Earth's climate has warmed
Both natural and human influences have affected climate over the past century, but it is extremely likely that human activities have been the dominant cause of the observed warming since the mid-20th century.
The evidence that climate has changed over the past century includes temperature observations from around the world at the surface and from satellites, over land and sea. In addition, measurements of rainfall, sea levels, and ocean acidity and salinity show identify large scale changes.
Over time, these measurements give us a picture of how climate has changed, both in Australia and globally.
Globally averaged air temperature at the Earth’s surface has warmed by 1.1 °C since reliable records began in 1850.
There is no record of temperature having increased as rapidly as it has over the past century.
Most of the hottest years on record have occurred in the 21st century. Worldwide, every year from 2013 onwards has been among the 10 warmest on record: 2016 and 2019 were the warmest years on record, followed by 2020, 2015, 2017 and 2018.
The heat content of the world's oceans has increased during recent decades and accounts for more than 90 per cent of the total heat accumulated by the land, air and ocean since the 1970s.
On a global scale, the ocean warming is largest near the surface, and the upper 75 m warmed by between 0.09°C and 0.13°C per decade over the period 1971–2010.
As well as temperatures increasing, global average sea levels have risen by around 25 cm since 1880, and there have been large-scale changes to climate, seasonal patterns such as the monsoon, and to the intensity and frequency of extreme weather events.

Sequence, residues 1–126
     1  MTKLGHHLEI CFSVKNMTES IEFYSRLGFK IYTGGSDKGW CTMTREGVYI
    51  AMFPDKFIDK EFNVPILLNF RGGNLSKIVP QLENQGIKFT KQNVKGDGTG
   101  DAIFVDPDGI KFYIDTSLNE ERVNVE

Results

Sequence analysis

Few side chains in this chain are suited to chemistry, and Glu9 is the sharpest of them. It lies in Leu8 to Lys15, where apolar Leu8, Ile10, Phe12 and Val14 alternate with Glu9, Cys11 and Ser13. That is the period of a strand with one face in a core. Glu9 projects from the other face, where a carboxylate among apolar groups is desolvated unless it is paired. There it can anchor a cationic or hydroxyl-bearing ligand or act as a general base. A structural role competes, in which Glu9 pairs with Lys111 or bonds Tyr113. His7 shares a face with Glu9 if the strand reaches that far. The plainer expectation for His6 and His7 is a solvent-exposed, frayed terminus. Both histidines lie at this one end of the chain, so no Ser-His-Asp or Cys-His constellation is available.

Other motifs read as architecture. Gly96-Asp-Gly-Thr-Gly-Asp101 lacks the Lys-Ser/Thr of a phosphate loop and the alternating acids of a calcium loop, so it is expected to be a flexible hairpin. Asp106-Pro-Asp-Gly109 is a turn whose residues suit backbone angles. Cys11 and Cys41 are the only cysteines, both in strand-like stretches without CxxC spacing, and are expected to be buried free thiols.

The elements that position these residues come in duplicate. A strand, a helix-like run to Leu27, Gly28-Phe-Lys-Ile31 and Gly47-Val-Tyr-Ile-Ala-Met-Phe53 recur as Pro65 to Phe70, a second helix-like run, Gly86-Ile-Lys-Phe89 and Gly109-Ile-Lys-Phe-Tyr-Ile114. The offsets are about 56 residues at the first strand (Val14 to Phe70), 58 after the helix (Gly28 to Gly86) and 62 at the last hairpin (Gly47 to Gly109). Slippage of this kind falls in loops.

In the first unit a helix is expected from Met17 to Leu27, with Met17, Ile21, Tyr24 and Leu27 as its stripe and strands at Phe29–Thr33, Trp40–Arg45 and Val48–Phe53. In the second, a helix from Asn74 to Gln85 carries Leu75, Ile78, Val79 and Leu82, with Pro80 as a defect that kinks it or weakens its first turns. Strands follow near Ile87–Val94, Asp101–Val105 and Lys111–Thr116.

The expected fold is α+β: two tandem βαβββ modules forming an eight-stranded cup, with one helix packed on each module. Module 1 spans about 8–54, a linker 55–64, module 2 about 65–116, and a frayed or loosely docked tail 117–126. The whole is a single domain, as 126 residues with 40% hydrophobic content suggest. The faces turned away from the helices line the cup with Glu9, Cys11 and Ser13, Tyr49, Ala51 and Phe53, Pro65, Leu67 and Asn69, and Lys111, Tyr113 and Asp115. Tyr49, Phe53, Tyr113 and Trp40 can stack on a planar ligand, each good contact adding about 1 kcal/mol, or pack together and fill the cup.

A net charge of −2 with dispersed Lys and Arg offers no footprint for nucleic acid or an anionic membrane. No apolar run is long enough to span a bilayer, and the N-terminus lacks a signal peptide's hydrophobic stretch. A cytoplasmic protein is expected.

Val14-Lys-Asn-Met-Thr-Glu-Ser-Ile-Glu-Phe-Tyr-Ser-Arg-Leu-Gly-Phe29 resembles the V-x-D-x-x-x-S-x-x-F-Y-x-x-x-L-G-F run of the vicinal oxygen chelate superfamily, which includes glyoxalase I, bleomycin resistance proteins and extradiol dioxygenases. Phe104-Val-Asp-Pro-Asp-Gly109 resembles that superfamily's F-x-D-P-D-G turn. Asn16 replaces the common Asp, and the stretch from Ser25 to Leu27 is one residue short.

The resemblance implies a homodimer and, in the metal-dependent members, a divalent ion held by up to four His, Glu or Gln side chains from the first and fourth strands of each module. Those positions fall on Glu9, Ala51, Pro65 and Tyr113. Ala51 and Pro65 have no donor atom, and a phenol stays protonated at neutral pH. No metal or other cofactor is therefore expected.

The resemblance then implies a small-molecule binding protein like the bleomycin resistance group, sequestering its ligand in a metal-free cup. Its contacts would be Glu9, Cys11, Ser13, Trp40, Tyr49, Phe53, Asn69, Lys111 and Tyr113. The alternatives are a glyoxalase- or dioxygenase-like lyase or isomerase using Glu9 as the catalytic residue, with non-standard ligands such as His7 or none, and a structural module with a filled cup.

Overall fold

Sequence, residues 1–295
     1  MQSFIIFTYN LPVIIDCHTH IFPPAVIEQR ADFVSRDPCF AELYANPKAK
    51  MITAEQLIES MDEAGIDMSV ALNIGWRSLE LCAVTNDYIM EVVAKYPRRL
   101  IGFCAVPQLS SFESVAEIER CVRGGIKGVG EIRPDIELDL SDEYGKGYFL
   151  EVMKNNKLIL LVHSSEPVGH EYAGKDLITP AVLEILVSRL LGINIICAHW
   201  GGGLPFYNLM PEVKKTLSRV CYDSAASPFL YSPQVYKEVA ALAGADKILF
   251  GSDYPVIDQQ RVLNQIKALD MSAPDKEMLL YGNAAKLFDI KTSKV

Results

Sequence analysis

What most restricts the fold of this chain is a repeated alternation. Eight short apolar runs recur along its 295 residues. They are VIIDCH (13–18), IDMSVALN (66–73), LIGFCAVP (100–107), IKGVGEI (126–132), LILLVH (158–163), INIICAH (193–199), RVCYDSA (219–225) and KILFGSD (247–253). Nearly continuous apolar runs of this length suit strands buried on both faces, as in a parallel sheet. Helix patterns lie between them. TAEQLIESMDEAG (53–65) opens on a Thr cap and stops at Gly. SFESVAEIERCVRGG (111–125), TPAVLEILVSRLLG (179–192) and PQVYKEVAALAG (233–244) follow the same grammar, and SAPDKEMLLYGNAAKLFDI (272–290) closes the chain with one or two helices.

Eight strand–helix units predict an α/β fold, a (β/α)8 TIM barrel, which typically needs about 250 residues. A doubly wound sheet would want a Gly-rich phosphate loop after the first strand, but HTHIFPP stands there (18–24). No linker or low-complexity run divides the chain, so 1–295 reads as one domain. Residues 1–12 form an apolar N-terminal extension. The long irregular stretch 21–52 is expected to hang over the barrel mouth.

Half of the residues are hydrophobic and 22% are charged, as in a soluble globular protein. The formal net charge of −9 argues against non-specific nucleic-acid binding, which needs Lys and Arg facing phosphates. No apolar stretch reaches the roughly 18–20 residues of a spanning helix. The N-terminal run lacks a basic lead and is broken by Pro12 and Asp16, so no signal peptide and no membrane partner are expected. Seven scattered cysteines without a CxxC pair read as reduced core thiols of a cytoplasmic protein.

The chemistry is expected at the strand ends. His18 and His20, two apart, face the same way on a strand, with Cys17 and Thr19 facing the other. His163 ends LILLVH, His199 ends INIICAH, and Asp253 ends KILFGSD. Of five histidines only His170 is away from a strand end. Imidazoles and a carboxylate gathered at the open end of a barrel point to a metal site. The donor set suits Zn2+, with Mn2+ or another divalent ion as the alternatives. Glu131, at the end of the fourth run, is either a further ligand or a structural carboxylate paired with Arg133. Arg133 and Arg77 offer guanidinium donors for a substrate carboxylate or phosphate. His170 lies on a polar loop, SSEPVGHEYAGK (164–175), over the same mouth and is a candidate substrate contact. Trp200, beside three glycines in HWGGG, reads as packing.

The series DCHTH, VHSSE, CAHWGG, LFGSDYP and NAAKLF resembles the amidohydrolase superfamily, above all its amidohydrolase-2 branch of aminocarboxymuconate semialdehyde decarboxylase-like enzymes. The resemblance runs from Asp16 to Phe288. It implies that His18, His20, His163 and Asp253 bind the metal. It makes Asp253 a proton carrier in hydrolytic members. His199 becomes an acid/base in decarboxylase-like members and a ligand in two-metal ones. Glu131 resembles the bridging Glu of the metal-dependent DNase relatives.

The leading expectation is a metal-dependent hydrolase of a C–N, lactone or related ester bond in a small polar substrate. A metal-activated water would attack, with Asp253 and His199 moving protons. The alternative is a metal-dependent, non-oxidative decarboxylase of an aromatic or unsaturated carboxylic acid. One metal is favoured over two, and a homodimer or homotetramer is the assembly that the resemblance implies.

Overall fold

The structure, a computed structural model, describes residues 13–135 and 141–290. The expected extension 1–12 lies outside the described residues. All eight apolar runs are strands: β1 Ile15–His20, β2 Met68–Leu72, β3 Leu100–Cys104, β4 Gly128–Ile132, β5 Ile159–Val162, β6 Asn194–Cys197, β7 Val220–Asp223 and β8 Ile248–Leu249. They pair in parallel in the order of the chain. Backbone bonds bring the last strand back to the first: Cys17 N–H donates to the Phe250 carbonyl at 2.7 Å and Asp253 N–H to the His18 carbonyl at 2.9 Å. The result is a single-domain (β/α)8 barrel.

Changes in Australia
In Australia, land surface temperatures have been recorded at many sites since the mid to late 19th century.
By 1910, Australia had a reliable and standardised network of thermometers. The data they produced have been extensively analysed by the Bureau of Meteorology and scientists at CSIRO, Australian universities and international research institutions.
These high-quality temperature observations reveal that since 1910, Australia's climate has warmed by 1.44 °C (plus or minus 0.24 °C).
This long-term warming trend means that most years are now warmer than almost any year during the 20th century. Since the 1950s, each decade has been warmer than the one before.
We've also experienced an increase in record hot days and a decrease in record cold days across the country. For example, 2019 experienced 43 extremely warm days, more than triple the number in any of the years prior to 2000.
Some years have been relatively cool due to natural effects such as La Niña that partially offset the background warming trend, but overall the trend is clear and distinct: Australia has become warmer.
Rainfall has decreased by around 16 per cent in April to October in the southwest of Australia since 1970. In the southeast of Australia, there has been a decline of around 12 per cent in April to October rainfall since the late 1990s.
Rainfall has increased across most of northern Australia since the 1970s, with a general trend towards increased spring and summer monsoonal rainfall. There has been an increase in the intensity of heavy rainfall events in Australia.
Sea-surface temperatures around Australia have increased faster than the global average, warming by more than 1 °C since 1900, with 8 of the 10 warmest years on record occurring since 2010.